The body as a playground in yoga practice

Have you ever smelt a fragrance, for example that of a rose, when it was actually not there ? Or a taste of a certain food in your mouth when you have not eaten that food in a long time. These tastes and smells are said to arise from memories stored in the body. In the Yoga Sutras Patanjali talks about six ways to bring the mind to focus for meditation. One of these ways is to focus on arising sensations in the body that resemble sense objects. These can be smell, taste, touch etc. Sutra 1.34 talks of 'Vishayavati'. 'Vishaya' means objects in sanskrit and 'Vati' means resembling. By 'Pravriti', directing the activity (of the mind) towards these sensations that resemble sense objects, Patanjali says, 'Manasah Stithi Nibandhini', steadiness and binding of the mind occurs.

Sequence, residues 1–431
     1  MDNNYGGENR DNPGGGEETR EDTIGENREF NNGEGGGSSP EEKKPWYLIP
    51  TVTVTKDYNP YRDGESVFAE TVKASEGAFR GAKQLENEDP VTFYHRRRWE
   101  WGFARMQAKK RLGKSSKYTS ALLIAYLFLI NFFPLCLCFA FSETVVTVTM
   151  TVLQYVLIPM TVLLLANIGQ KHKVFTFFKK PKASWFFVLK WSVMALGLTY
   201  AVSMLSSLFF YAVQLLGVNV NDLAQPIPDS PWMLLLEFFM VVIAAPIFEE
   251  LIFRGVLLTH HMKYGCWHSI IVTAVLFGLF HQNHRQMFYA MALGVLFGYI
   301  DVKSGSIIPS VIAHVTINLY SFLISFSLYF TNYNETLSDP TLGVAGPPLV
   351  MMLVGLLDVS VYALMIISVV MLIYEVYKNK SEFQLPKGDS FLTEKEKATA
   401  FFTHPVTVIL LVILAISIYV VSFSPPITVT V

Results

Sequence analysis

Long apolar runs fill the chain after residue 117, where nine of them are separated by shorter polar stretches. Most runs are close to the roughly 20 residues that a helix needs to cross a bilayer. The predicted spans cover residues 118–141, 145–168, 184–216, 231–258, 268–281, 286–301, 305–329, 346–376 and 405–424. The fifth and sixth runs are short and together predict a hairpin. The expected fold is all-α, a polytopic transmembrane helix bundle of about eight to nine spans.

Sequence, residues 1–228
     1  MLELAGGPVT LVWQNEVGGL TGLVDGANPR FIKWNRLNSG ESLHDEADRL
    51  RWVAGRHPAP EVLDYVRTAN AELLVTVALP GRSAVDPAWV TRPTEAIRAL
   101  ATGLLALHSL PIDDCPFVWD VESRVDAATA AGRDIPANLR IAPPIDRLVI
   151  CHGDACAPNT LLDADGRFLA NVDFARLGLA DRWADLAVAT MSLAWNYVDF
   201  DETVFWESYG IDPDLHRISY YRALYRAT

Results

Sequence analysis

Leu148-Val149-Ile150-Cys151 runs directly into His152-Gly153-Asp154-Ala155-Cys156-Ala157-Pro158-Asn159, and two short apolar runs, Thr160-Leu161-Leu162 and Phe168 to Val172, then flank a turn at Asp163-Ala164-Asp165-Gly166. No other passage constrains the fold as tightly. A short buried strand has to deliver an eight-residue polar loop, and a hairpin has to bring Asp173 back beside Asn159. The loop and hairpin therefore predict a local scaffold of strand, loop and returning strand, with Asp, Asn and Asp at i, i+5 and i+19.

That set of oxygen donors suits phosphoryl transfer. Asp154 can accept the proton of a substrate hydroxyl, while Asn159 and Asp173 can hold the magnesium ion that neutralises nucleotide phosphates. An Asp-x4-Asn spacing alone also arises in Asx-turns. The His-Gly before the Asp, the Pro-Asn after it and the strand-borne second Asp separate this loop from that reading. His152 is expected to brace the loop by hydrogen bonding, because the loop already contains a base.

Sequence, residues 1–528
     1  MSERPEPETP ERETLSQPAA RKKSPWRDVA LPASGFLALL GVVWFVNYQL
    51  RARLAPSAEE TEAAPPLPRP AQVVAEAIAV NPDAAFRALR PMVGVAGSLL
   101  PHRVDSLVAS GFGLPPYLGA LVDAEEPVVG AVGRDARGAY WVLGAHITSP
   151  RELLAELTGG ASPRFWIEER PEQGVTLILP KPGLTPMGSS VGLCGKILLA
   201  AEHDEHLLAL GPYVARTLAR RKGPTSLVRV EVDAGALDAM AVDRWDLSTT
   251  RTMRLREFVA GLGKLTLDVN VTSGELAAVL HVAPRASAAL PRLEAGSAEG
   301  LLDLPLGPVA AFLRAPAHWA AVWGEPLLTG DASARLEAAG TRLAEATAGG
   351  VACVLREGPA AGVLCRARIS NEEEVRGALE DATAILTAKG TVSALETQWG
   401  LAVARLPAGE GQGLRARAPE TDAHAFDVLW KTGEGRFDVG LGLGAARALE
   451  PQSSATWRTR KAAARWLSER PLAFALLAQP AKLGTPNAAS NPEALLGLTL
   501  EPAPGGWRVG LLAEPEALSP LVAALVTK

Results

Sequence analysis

In fact, in the 10 day Vipasana silent meditation retreat, this is what is taught- to focus on the subtle sensations of the body to settle and bind the mind. Otherwise the mind tends to jump from thought to thought.

Yoga asana practice is like a Vipasana practice but magnified a hundred times; it is magnified because it is easier to find sensations in the body in asana practice than it is when just sitting down. When asana practice is done this way, one would have a completely different dimension to the practice, than when one is just focused on getting a workout out of it, or when one is just focused on outer form.